When the Swiss biotech company went public in 2017 following its spin-off from Actelion, it employed 600 people but did not have a single product on the market. To take advantage of the 5‑year strategic horizon for successful drug development, Idorsia depended on appearing as an attractive employer in the market from day 1. Idorsia’s unique appearance and specific core messages credibly positioned the company in the labor market and helped retain employees and attract outstanding talents. These talents made it possible to realize the targeted business success. Today, Idorsia employs more than 1200 people and has achieved approvals for its first products. 

Theoretical foundation:
from corporate brand to employer brand 

How does the employer brand differ from the corporate brand?
Employer branding contributes to the overall perception of a brand. To create a consistent brand image in the minds of all stakeholders, the employer brand experience must fit seamlessly into the company’s overarching brand experience. Specifically, this means identical brand positioning, the same logo, the same corporate colors, consistency of digital DNA, use of brand-typical design elements that contribute to recognition, etc.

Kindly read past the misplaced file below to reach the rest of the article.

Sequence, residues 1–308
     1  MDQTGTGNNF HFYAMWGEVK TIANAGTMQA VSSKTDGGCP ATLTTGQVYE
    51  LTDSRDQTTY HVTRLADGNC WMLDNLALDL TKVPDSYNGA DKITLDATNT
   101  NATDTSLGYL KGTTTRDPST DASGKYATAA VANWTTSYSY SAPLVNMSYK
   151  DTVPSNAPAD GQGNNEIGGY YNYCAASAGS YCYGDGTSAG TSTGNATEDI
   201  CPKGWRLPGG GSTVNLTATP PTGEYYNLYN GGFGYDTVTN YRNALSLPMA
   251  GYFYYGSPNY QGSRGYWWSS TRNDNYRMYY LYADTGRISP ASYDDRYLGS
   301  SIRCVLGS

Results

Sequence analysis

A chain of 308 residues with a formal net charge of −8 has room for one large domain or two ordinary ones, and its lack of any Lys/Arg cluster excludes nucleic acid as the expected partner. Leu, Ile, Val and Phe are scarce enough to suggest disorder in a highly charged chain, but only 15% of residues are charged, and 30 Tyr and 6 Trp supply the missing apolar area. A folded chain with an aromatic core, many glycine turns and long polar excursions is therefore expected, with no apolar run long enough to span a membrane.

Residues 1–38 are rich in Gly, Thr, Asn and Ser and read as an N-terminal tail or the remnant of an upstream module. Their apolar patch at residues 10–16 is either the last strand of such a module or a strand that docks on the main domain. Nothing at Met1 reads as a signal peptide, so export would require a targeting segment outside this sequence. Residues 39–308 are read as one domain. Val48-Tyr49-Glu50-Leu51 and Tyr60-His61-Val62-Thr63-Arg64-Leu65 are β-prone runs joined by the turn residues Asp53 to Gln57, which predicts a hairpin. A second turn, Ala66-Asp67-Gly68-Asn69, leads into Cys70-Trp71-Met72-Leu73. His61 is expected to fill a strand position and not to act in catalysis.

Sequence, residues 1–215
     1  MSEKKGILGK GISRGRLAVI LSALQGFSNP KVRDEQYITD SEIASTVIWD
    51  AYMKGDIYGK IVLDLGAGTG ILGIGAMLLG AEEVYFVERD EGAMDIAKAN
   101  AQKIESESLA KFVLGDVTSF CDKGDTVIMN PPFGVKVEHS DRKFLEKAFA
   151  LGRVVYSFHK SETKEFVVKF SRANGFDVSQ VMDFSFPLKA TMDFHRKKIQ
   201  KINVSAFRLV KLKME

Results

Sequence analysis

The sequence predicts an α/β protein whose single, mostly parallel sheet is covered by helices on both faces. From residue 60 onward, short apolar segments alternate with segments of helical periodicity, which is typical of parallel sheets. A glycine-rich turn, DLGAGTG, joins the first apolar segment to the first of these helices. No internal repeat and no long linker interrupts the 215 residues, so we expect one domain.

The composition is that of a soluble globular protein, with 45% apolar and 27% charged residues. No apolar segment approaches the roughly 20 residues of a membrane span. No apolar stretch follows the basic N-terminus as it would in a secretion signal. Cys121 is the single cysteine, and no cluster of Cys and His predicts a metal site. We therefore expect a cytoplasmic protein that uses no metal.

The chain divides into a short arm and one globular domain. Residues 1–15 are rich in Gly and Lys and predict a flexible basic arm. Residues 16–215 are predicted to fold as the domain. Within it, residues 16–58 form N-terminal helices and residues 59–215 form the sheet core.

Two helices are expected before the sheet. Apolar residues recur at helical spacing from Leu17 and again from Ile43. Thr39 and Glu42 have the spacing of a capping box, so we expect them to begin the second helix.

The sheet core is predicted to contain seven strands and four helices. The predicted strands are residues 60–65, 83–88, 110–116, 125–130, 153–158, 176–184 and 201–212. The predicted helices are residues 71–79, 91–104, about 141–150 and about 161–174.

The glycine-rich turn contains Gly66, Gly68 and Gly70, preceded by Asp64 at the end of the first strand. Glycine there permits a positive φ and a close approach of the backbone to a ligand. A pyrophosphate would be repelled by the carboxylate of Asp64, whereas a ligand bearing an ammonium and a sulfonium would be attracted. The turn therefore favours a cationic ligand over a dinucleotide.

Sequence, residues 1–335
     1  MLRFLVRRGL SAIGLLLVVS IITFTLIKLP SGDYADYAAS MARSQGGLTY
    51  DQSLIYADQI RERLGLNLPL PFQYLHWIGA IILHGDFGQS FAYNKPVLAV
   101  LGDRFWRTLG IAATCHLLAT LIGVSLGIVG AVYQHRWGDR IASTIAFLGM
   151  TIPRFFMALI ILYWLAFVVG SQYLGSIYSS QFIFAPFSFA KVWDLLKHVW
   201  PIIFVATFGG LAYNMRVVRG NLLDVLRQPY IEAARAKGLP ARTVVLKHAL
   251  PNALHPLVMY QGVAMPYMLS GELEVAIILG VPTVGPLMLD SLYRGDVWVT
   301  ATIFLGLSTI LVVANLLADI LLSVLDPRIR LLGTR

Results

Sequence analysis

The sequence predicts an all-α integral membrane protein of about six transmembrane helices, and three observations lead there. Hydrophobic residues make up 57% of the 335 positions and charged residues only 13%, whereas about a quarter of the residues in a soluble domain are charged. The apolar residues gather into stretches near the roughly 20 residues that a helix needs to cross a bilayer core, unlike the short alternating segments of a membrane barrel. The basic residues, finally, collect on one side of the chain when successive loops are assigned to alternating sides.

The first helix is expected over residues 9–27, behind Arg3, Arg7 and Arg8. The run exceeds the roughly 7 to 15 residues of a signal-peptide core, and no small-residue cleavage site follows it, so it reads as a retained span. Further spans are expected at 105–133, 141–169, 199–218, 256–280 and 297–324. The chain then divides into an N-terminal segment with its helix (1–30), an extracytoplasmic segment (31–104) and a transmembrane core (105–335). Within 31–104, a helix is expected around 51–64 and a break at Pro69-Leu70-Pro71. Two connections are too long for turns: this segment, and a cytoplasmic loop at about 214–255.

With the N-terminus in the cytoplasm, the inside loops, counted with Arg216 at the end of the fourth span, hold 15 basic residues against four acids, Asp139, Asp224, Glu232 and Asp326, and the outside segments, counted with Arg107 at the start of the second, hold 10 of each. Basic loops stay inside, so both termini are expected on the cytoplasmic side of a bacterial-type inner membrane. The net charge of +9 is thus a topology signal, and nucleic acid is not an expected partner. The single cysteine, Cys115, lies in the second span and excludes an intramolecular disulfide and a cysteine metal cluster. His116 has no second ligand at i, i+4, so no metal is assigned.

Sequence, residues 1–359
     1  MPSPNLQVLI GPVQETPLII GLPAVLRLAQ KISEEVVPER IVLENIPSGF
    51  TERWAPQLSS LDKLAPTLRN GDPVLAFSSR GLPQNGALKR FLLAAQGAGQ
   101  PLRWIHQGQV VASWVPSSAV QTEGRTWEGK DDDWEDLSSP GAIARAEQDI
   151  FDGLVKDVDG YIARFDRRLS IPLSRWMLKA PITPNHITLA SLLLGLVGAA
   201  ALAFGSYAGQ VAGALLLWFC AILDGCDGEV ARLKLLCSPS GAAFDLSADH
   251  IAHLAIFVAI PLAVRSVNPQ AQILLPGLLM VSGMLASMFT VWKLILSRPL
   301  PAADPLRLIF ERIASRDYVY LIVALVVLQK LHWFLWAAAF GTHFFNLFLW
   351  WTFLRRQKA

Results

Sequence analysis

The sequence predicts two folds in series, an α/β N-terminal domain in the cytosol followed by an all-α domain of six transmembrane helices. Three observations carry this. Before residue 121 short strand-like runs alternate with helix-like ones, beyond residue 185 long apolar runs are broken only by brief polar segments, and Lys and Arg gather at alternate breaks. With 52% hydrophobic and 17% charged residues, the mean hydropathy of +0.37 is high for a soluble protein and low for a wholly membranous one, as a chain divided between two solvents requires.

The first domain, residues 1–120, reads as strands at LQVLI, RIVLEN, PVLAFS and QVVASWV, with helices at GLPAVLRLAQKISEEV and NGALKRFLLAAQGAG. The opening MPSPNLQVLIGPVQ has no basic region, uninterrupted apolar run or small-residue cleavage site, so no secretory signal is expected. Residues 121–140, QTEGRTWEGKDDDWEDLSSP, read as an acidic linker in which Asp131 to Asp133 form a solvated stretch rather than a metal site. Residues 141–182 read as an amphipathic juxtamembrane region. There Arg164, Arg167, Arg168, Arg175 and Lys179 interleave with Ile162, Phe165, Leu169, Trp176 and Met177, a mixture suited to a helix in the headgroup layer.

In addition, employer branding uses specific elements:

  • Messages: Employer branding conveys messages that are particularly relevant to employees and talents.
  • Images: Employer branding often works with imagery reserved for employer branding to address and engage employees and talents with relevant visual messages. However, a good employer branding imagery style seamlessly blends into the overall look and feel.

The employer brand is aligned to company specific needs in various dimensions. This includes 

  1. Clarifying the brand architecture. Which brand will be built as an employer brand? Are different employer brands necessary to successfully attract and retain talents? What would be the relationship between different brands? How can the employer brand portfolio be simplified as much as possible, e. g. by positioning the strongest brand in the Group as the employer brand?
  2. The translation of the corporate strategy into an employer brand strategy, consisting of an Employer Value Proposition (EVP), an Employer Brand Story and Employer Brand Key Messages. How should the employer brand be perceived – at the same time highly relevant for employees and talents, differentiating from the competition and in line with the brand positioning? What promises does the company make – and what does the company expect in return? What attributes and images should be associated with the brand in its role as employer brand?